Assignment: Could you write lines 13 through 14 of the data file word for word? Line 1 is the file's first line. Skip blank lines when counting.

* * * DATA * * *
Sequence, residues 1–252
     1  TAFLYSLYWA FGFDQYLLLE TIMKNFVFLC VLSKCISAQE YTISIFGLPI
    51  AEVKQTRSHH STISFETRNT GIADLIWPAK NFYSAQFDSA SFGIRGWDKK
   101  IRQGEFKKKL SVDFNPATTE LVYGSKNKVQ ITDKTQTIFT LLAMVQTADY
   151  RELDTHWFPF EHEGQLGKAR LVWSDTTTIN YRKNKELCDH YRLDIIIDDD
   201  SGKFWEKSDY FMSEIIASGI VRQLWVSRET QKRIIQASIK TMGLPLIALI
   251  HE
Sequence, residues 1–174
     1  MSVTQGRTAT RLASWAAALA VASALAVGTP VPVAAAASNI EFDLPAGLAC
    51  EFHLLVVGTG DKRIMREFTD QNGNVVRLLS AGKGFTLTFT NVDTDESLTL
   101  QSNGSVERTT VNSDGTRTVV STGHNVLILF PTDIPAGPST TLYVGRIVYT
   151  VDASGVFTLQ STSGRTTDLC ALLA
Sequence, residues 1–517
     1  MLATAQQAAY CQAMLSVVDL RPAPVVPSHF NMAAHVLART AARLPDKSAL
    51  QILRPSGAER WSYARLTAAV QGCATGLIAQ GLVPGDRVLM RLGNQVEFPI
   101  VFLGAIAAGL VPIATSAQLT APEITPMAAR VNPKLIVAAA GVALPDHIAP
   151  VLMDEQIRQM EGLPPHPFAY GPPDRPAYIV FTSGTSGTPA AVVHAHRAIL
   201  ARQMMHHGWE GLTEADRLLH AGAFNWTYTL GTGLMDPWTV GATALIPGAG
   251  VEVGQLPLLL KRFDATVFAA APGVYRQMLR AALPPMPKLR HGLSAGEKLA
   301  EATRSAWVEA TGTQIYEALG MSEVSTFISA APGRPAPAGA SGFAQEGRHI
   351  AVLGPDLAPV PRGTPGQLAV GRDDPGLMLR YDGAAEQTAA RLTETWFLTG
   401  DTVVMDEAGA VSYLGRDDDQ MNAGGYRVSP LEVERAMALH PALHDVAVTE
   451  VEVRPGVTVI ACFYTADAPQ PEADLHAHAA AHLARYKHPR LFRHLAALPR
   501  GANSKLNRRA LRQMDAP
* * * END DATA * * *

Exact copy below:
Sequence, residues 1–517
     1  MLATAQQAAY CQAMLSVVDL RPAPVVPSHF NMAAHVLART AARLPDKSAL